Many Icelandic first names have a transparent meaning, i.e. they are not just harmonious syllables or cute sounds, they
actually mean something. Björk is an Icelandic word that means birch tree. Tree names are quite popular
as Icelandic first names. A boy may be be given the name Reynir (rowan tree) or Hlynur (maple tree). Birds names are also quite common. Örn an eagle is a common
masculine name, and so is Hrafn raven, Haukur hawk - and Svanur swan. The girl name Ugla owl -
also exists. Fancy that. Meet my cousin Eagle, my brother Maple, and my niece Owl.
Among popular first names, there are also those that refer to mammals, warriors,
weapons, gods and mythical entities. One of the most popular names among the mammals is Björn, bear, and its
feminine form Birna for a girl. There are wolves among us: Úlfur, and Ylfa for the she-wolf. Among the gods,
of course, there are the classical Óðinn, Þór and Baldur, Njörður, Freyr, Freyja etc
and then there
is God himself or the gods: Guð, but only in composed names.
Now, thats where the fun begins, when you start composing names. Thus you get
Hrafnhildur battle of ravens Þorbjörn a daring bear, Guðlaug pool of gods or God, Guðrún
godly secret, Kristrún being Christs secret. There are also ladies named Hugrún minds secret
and Sigrún victorys secret
s! Well, the general idea is that most names have an obvious meaning, a bit like native American names.
Icelandic names are patronymic (as they contain the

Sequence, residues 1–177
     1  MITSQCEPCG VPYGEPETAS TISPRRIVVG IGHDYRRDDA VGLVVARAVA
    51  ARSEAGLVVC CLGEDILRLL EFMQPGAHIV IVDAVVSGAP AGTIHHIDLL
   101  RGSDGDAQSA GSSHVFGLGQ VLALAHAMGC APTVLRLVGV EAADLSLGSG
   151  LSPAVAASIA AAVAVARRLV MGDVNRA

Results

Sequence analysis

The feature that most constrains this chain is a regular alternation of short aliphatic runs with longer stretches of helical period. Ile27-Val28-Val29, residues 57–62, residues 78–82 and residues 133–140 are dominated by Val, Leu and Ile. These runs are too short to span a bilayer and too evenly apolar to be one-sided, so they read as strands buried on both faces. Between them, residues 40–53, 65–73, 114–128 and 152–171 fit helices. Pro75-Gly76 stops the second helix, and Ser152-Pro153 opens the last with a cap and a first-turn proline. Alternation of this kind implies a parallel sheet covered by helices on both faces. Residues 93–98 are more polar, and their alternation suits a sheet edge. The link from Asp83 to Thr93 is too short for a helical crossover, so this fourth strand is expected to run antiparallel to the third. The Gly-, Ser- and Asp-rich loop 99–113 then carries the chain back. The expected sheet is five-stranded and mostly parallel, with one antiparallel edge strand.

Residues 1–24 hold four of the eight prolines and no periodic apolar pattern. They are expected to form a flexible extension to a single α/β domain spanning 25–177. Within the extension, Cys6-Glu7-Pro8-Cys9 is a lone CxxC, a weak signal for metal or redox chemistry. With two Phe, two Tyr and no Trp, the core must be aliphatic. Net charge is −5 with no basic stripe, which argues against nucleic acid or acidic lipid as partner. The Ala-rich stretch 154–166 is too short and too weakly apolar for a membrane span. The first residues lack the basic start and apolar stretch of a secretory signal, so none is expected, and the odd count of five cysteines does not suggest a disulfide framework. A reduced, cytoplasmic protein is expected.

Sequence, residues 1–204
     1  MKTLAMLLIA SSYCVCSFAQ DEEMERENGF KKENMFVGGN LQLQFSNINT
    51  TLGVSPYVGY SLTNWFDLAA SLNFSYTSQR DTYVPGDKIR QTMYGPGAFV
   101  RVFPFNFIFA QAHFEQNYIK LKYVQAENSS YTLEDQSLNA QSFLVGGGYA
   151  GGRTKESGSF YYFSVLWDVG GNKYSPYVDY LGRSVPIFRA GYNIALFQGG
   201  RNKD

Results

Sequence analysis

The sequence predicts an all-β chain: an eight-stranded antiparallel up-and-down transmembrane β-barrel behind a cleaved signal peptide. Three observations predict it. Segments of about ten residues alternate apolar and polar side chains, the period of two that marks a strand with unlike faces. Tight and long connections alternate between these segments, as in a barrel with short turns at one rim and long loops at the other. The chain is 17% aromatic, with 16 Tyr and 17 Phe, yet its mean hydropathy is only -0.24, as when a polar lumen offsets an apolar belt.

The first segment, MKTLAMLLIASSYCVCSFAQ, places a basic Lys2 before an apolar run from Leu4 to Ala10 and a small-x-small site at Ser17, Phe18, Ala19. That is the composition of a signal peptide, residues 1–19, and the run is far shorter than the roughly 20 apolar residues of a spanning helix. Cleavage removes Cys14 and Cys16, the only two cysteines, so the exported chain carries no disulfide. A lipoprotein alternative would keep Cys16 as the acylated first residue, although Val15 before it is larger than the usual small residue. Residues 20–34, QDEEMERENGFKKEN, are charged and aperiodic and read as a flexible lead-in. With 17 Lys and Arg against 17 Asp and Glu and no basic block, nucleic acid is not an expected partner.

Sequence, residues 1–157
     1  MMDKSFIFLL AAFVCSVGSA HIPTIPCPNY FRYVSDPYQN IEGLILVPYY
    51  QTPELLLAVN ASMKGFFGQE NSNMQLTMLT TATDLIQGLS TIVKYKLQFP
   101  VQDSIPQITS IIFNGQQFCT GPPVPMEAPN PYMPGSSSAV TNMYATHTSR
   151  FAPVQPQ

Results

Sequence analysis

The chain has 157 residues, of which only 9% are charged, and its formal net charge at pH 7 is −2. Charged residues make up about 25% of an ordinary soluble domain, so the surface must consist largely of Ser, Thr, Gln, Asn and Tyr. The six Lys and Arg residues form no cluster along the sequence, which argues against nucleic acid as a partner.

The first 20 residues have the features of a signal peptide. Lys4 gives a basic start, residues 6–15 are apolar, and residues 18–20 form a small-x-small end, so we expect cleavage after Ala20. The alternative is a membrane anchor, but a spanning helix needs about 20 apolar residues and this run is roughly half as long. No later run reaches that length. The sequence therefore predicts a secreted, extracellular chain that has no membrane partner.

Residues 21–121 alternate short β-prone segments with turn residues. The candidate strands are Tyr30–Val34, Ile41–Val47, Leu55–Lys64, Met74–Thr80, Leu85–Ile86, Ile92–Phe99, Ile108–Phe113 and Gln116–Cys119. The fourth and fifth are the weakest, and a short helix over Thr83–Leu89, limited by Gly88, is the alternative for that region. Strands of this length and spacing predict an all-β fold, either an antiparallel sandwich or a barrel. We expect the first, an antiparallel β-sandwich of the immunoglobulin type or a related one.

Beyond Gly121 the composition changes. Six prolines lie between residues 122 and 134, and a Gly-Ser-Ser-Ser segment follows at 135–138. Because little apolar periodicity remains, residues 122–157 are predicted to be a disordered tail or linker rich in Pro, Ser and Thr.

first name of the father of the person, rather than the historic family lineage. In other words, family names
are not the rule in Iceland. For instance, our favourite singers name is Björk, and she is the daughter of Guðmundur indeed she
is Guðmundsdóttir. Björk could also have chosen to use her mothers name rather than her fathers. Some
family names do exist in
. They are either well-established, foreign names (Danish, for instance Möller or Briem), or latinized
versions of Icelandic names: Thorlacius, Thoroddsen).
First names that have not been used as such in
have to be approved by the Icelandic Naming Committee. There are countries where a name has to have
a saint attached to it, or a day in the almanach. No such thing in
, nothing but the Naming Committee. Needless to say, its rulings are often controversial.
When a name is chosen for a child, the obvious choice is traditionally the name
of a grandfather or grandmother. There are also numerous instances of names being inspired by a parents
dream during the pregnancy. An Icelandic urban legend has it that a pregnant woman had a recurring dream
featuring a frozen apron. Accordingly, she named her daughter Freðsvunta, Frozen Apron. This must be why they
set up the Naming Committee. Needless to say, Icelanders have also used Biblical names extensively throughout
the centuries, like their neighbours in Europe and
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